Initially the sequence control unit 15 is in the S1 state during which state the first syllable of the first instruction is brought out of memory 11 and inserted into memory register 13. To this end the contents of the register 14 which comprises the address of the initial digit of this syllable are transferred to address register 12 via AND gate 16. Sequence pulses designated SP are generated by sequence control unit 15 at the time the control unit changes from one control state to the next. An SP signal generated at the end of the S1 state reads the addressed syllable out of core memory 11 into memory register 13, the SP signal being gated by gate 17 to the read input of core memory 11. At this time register 14 is counted up by six so as to store the address of the first digit of the succeeding syllable stored in memory 11. At the completion of the S1 state, the sequence control unit 15 advances to the S2 state.

During the S2 state, the syllable in memory register 13 is transferred to a six-digit program register 19 by means of AND gate 20. The lirst syllable of the instruction, including the operation code digits, the AF variant digits, and the BF variant digits, is now stored in register 19. The central control unit now advances to the S3 state.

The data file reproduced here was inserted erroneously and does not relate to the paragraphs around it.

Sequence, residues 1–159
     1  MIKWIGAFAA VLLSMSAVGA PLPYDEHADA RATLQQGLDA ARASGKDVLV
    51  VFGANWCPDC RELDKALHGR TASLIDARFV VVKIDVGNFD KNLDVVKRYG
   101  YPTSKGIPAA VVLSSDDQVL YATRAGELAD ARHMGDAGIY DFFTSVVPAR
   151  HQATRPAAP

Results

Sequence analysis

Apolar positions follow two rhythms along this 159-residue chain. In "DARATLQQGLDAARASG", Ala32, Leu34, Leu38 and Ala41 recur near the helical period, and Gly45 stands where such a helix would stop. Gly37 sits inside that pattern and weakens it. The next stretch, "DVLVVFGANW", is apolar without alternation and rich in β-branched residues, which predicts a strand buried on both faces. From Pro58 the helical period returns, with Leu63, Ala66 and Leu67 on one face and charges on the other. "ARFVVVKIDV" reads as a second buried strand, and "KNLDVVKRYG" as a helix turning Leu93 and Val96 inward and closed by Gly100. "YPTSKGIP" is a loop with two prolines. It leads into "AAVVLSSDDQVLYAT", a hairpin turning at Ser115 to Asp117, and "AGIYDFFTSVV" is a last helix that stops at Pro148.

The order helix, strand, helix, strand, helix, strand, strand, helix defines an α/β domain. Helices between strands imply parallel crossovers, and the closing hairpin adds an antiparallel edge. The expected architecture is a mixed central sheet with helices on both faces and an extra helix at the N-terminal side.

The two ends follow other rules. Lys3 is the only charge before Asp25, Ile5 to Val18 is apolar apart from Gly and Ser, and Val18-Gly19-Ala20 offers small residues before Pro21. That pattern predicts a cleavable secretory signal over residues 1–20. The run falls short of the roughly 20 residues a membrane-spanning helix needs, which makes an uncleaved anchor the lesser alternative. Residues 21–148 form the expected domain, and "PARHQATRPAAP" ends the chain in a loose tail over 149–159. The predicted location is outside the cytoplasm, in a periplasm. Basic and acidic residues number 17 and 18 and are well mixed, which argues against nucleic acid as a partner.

During the S3 state, combinational gating circuitry within sequence control unit 15 is now utilized to detect the presence of particular combinations of bits stored in register 19. One particular combination of bits detected at this time is the combination within the operation code digits which indicates that the instruction is a conditional branch operation. Operations which may follow upon the detection of a conditional branch operation are described in the copending application of R. Packard and W. Buster, Ser. No. 537,572, led on even date herewith and `assigned to the assignee of the present application. Additionally, during state S3 the `presence of a literal in the instruction is detected. In the embodiment shown, the presence of a literal is detected by means of the presence of ls" in the 8-bit `location and 2-bit location of digit D3 of the AF digits as shown in FIG. 2. If a literal is detected during state S3, the sequence control unit 15 advances to the S11 state.